Thursday, September 15, 2022
– 5:15 p.m.
Location: 247 Townshend Room
Summary: It has been thirty-two years since the Korean Council for Women Recruited into Military Sex Slavery by Japan started the reparations movement for victims of Japanese military sex slavery. The reparations movement has received strong support from international human rights organizations, many Japanese citizens, many American students, and many politicians in the United States and other Western countries. But the Japanese government has not yet solved the problem of “comfort women”. The major problem in solving the problem is whether the “comfort woman” system was sexual slavery or not. The Korean Council has convinced international human rights organizations, American students, and many legislative branches of Western countries primarily using public testimonies of Korean “comfort women” that the “comfort woman system” was sexual slavery. International human rights organizations and Western governments have sent harsh resolutions based on international laws to the Japanese government to solve the problem of “comfort women”. Key resolutions include the Japanese government’s recognition of the “comfort women” system as sexual slavery, sincere apologies and compensation for victims, punishment of Japanese soldiers and officials responsible for setting up and operating the comfort women system, and educational measures. so that Japan does not repeat the crimes in the future. But the Japanese government has refused to take responsible action, saying the comfort woman system is not sexual slavery. My lecture focuses on the following four elements: (1) providing the background information, (2) demonstrating that the comfort women system is sexual slavery, (3) summarizing the judgments of international human rights organizations on the “comfort women” system as violations of international law. , and their recommendations to the Japanese government, and (4) showing the Japanese government’s refusal to take responsibility.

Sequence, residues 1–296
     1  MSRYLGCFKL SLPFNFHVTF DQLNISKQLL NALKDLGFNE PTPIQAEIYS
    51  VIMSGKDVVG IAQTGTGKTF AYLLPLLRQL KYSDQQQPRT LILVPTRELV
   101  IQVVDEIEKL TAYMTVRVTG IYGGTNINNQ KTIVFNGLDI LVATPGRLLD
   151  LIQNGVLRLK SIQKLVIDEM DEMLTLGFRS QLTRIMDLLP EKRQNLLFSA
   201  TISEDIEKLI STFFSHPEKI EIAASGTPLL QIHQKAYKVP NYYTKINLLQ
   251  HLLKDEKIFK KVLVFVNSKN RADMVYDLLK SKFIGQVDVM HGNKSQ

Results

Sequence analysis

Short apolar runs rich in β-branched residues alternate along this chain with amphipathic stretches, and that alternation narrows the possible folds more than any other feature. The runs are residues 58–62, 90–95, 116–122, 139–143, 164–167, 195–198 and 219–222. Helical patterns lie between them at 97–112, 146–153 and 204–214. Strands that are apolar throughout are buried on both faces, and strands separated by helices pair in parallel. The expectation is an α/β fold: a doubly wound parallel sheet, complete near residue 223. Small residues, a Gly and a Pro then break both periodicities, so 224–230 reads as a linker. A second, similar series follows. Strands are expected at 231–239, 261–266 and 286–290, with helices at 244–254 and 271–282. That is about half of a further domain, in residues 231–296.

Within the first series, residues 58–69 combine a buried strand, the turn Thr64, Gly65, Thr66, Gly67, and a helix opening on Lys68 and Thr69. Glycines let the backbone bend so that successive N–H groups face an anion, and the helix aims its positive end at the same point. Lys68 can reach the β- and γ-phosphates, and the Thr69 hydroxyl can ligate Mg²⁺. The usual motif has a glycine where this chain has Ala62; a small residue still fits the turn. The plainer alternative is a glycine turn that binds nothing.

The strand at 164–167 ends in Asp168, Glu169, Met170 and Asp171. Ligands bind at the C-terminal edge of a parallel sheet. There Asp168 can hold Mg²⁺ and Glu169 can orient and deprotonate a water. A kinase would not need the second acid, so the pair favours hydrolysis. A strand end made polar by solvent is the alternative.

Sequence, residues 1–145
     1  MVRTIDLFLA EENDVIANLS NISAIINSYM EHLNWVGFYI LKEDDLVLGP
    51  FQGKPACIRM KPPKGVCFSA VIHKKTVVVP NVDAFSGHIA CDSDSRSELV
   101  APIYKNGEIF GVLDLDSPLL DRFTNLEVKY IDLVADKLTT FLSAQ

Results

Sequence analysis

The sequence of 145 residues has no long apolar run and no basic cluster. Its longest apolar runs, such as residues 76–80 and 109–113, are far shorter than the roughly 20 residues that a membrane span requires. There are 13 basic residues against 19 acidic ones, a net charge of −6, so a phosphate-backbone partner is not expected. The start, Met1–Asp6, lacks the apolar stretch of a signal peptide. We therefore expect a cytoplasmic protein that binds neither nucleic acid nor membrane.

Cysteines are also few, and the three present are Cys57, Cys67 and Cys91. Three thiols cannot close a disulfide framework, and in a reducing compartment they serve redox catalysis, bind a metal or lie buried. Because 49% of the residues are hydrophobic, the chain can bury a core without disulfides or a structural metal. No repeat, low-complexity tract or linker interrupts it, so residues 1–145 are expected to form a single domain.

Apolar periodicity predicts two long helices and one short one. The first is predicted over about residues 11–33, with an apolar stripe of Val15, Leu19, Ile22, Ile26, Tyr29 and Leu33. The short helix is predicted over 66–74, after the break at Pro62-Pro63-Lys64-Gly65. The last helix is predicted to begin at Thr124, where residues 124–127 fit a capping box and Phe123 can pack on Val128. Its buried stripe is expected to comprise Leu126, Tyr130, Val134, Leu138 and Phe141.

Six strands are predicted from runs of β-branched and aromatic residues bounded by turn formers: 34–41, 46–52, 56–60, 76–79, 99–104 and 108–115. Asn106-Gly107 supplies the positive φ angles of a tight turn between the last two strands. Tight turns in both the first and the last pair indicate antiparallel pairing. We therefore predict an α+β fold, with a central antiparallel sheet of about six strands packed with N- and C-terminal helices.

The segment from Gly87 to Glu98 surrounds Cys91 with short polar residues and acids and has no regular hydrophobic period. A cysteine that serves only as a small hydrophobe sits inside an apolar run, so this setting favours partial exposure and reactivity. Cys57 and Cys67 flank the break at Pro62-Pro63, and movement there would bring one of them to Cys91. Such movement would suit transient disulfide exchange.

Pyong Gap-Min is professor emeritus of sociology at Queens College and the Graduate Center of the City University of New York. He is also director of the Research Center for the Korean Community at Queens College. Her areas of research are immigration, ethnic identity, ethnic affairs, immigrant religious practices, and family/gender/women, with a particular focus on Asian/Korean Americans. He is the sole author of seven books, six of them focusing on the experiences of Korean immigrants in the New York and New Jersey area and the last focusing on the “comfort women issue” and the movement. of repair. They understand Caught in the middle: Korean communities in New York and Los Angeles (1996), winner of two national book awards, and Preserving ethnicity through religion in America: Korean Protestants and Indian Hindus across the generations (2010), winner of three National Book Awards. He published Korean comfort women: military brothel, brutality and the recovery movement in February 2021. His forthcoming book (December 2022), titled Transnational Cultural Flow from Home: The Korean Community of Greater New York, examines how transnational Korean cultural flow from Korea has helped Korean immigrants to New York to preserve and promote Korean culture to New Yorkers. His 14 edited or co-edited books include Encyclopedia of Racism in the United States3 volumes (2005), and Asian Americans: Contemporary Trends and Issues, the second edition (2006). He was a Fellow of the Russell Sage Foundation in 2006-2007. He received the Distinguished Career Award (only one of two Asian American recipients) from the International Migration Section of the American Sociological Association (ASA) in 2012 and the Contribution to the Field Award from the Asia Section and ASA Asian America in 2019. He curated a special issue of Journal of International Women’s Studies to critically assess Mark Ramseyer’s arguments for Japanese and Korean “comfort women” as commercial prostitutes in 2022. He received his bachelor’s degree from Seoul National University with a major in history, a master’s degree in history , the first Ph.D. degree in philosophy of education and the second doctorate. in sociology, all from Georgia State University in the United States.